By Laurel Hopwood
A groundbreaking new study exposes a huge threat to the Great Lakes. Neonicotinoid insecticides (neonics) have been found year-round in major tributaries to the Great Lakes. Of great concern in New York is the Genesee River.
Neonics came on the market with great expectation that it caused less toxicity than previously used classes of insecticides. Unfortunately, there’s a dark side.
Neonics have already been been linked with bee die-offs and bird population decline. Why should we care? Losing these pollinators can have a tremendous impact on our food supply. Birds are natural predators of insects carrying disease. The entire ecosystem may be at risk.
Consider water fleas. Not something to chat about at the dinner table. Yet these small aquatic creatures are at risk from neonic exposure and they are an important part of the aquatic food chain.
Neonics are the most widely used class of insecticides in the world. They are slow to break down and therefore persist in the environment. They have been found in dust, soil, wetlands, groundwater and foods common to the American diet. The USDA found neonics in 12 of 19 different fruits and vegetables sampled. Unlike most other pesticides, neonics cannot be washed off of food prior to consumption. Open your window in the summer and dust particles carrying the toxin will most probably enter your living space.
Neonics have been detected in human urine, serum and hair. A distinct concern of human neonic toxicity is a questionable exposure link with Alzheimer's disease and autism. Yet studies are scant linking neonic exposure to human health dysfunction. Meanwhile, the widespread use of neonics in agriculture and urban lawns and gardens is increasing like a runaway train without brakes.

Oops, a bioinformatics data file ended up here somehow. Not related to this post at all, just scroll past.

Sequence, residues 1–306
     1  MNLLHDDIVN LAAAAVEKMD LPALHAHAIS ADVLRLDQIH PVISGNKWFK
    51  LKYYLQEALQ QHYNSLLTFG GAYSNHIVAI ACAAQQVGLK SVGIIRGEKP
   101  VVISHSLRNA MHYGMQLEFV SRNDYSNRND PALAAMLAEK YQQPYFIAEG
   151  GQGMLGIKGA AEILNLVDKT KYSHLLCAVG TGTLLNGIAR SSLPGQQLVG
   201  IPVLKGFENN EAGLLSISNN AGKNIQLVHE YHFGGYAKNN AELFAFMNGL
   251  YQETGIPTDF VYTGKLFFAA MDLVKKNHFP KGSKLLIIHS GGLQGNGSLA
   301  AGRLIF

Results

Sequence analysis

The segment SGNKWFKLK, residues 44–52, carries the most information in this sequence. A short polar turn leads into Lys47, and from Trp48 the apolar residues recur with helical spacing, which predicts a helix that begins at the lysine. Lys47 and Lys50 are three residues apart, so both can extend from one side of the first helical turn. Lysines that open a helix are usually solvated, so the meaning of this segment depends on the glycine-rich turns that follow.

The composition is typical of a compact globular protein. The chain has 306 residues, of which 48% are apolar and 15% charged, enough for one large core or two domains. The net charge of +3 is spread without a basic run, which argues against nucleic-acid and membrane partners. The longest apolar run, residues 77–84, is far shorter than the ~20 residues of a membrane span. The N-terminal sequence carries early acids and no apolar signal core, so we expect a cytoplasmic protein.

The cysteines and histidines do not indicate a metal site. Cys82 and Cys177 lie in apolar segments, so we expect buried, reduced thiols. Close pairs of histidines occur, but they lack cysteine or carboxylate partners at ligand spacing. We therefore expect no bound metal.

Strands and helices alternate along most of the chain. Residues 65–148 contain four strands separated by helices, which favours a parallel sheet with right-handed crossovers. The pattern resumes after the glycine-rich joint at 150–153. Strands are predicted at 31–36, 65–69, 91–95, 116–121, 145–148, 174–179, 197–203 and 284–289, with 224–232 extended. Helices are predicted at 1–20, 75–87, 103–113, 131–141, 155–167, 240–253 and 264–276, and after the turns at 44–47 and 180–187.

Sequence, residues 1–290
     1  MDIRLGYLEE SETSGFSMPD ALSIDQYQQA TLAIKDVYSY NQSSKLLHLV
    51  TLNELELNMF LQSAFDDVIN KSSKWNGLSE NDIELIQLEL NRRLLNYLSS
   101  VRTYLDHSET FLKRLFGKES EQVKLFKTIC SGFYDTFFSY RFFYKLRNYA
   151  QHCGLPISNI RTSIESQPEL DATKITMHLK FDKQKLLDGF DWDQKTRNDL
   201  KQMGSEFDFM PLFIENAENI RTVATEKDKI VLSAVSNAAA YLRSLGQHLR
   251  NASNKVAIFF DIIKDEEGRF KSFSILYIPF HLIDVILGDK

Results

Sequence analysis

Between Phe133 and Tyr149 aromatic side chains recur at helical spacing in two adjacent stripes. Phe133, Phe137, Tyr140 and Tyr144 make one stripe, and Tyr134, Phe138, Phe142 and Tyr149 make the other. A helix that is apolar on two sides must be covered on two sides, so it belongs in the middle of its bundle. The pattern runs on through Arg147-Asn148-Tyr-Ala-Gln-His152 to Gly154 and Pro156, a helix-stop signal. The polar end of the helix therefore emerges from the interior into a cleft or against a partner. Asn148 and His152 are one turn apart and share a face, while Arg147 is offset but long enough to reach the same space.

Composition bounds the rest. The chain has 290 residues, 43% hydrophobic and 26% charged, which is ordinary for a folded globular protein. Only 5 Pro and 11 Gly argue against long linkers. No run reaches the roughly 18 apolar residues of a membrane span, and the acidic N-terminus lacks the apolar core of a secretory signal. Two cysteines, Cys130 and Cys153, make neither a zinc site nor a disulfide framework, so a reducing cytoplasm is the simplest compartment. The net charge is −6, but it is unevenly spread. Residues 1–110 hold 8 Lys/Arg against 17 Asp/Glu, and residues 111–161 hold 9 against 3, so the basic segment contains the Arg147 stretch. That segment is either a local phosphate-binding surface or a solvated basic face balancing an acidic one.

The ecological reviews of neonics are inadequate. EPA registration is based primarily on the data submitted by the companies manufacturing their proprietary pesticides. That's not all. The EPA has failed to assess cumulative, synergistic, and repetitive long-term effects.
Colorado beekeeper Tom Theobald exclaimed, “Neonic seed coatings are exempt from regulation by the EPA, yet the primary neonic applications are used as seed coatings for corn and soybeans. The EPA has excluded this use under the Treated Articles Exclusion – which says that seed treatment is not a pesticide use. It’s outrageous that this has gone unchallenged.”
Dust off your history books. Fifty-six years ago, Rachel Carson authored “Silent Spring” not only to expose the ill effects of DDT, but also to expose how chemistry can disrupt the natural systems.
Many scientists claim neonics are leading to the next silent spring. Will we pay attention now, before it’s too late?
Michelle Hladik, Ph. D., lead author of this new study has raised a red flag. Now it’s our turn. We can continue to follow the status quo, or we can move forward in a win-win situation for farmers, the ecosystem and the American public. Legislatures can provide economic and educational incentives for farmers to plant organically. Each person can assume personal responsibility by choosing organic lawns, gardens and sustainably grown food.
Laurel Hopwood is a member of the Sierra Club Pollinator Protection Team in Cleveland.